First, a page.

I was trying to understand convolution from this book and came across this figure:

enter image description here

Here, the input signal is a combination of a sine wave and a ramp. In fig a, the input signal is convolved with a special type of impulse response that is said to be a 'low pass filter' and the output is just the ramp.

And in fig b, impulse response is actually a high pass filter and the output is just the sine wave.

What I'm trying to do is, just by looking at the wave-forms for the impulse response functions, trying to find an intuitive way of knowing what those impulse responses will do when convoluted with a given input signal. I can't 'see' how the first waveform will result only in the ramp as the output signal when given the mentioned input.

Can you guys figure this intuitively in your head? If so, then how?


2 Answers 2


Here's an idea...

In the first case, the impulse response has only positive coefficients. Groups of nearby samples will be averaged to yield the output signal. Thus, short term bumps/variations will be "averaged out", so the signal will be smoother. Furthermore, it looks like all coefficients sum up to 1 (there about 30 of them, in a triangle-like shape, the maximum is about 0.06, I suspect they sum to 1), so the overall amplitude / magnitude of the output waveform will be preserved. Last bit of information: the impulse response has its center of gravity at $n=15$, so the output signal will be delayed by 15 samples.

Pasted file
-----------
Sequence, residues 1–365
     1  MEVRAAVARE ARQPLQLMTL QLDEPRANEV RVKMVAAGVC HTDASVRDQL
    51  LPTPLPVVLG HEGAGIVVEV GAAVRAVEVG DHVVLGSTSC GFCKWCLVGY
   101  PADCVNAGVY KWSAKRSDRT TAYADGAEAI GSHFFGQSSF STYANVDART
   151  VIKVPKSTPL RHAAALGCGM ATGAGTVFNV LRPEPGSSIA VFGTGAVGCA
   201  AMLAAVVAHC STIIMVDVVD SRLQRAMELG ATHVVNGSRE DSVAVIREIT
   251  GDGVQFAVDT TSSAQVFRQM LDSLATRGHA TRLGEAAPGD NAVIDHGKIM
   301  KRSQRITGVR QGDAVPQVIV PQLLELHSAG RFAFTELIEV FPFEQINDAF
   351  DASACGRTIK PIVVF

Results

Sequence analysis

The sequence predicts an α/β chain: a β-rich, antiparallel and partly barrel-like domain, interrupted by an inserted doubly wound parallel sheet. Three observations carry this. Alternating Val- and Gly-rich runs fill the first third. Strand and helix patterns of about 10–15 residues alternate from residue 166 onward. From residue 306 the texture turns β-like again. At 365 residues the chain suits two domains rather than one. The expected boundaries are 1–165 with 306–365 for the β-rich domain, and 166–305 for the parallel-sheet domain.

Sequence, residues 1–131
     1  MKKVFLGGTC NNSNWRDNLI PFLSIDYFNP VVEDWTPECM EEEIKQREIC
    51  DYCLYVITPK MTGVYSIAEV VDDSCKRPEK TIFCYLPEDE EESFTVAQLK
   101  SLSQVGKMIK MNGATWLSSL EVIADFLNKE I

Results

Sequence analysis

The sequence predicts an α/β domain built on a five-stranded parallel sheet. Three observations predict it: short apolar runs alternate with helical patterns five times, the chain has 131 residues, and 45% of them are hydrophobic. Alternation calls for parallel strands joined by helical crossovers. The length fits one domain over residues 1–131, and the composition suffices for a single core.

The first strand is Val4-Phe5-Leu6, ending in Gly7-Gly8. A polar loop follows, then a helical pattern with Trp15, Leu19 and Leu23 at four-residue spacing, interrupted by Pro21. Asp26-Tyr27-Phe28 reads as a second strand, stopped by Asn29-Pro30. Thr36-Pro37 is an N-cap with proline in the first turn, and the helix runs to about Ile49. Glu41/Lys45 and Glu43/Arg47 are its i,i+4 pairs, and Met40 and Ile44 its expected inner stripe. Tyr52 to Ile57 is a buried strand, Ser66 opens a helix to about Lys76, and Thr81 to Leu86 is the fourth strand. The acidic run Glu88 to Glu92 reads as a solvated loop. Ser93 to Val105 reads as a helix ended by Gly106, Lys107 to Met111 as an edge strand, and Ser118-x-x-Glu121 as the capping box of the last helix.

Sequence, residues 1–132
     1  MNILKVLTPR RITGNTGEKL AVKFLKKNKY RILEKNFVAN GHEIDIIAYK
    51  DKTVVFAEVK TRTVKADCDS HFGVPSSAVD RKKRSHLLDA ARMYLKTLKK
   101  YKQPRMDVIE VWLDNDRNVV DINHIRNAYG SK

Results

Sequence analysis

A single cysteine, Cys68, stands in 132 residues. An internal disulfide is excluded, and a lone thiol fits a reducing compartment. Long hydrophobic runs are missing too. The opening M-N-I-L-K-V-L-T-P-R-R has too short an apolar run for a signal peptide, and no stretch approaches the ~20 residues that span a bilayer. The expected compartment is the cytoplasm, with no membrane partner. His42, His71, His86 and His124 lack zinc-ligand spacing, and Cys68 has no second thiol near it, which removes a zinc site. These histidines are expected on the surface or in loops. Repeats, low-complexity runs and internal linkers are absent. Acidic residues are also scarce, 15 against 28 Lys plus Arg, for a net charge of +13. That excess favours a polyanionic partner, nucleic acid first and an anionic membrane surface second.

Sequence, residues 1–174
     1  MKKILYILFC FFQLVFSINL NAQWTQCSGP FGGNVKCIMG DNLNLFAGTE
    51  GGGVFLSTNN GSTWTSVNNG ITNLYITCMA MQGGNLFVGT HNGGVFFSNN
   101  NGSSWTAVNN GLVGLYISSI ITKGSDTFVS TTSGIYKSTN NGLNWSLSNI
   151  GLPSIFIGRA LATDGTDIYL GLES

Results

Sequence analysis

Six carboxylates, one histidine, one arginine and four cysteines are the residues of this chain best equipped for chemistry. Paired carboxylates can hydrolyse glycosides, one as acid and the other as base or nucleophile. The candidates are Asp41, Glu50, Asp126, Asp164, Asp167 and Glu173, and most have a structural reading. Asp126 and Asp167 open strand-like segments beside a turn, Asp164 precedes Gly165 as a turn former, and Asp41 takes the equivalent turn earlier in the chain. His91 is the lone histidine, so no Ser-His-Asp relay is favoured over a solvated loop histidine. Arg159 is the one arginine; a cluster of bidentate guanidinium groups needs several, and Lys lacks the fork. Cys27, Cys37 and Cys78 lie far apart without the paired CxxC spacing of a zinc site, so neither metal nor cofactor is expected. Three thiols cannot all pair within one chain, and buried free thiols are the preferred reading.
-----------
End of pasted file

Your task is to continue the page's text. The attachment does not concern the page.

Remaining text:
The second impulse response looks like a kronecker delta (at $n=15$) minus the impulse response from the previous example. Because convolution is a linear operation, the result will be the original signal shifted by 15 samples, minus the smoothed signal obtained in the previous example. In other words, the result will be whatever has been smoothed out in the previous example because of averaging - only the fast wiggles will remain.

Summing the output signals from example 1 and example 2 will yield the input signal delayed by 15 samples.


I suggest that you switch books. I just scanned your reference and I'm not enthusiastic. (The code is in BASIC, how vintage).

For starters, visit the MIT Open Course Ware 6.003 page.

In terms of texts, I recommend:

  1. Circuits, Signals, and Systems, William Siebert (undergraduate)
  2. Discrete-Time Signal Processing, Oppenheim and Schafer (graduate)

To answer your question: no I cannot intuitively figure out the results you show. There is too little information. However, with a clearly defined impulse response one can certainly intuit input / output relationships.

  • $\begingroup$ It did a pretty good job of explaining convolution though. Thanks for the links. $\endgroup$
    – rapturous
    Nov 1, 2014 at 21:52
  • $\begingroup$ I don't think that it is as pedagogical as it could be. Check out the wikipedia page on convolution as well. $\endgroup$ Nov 1, 2014 at 21:56

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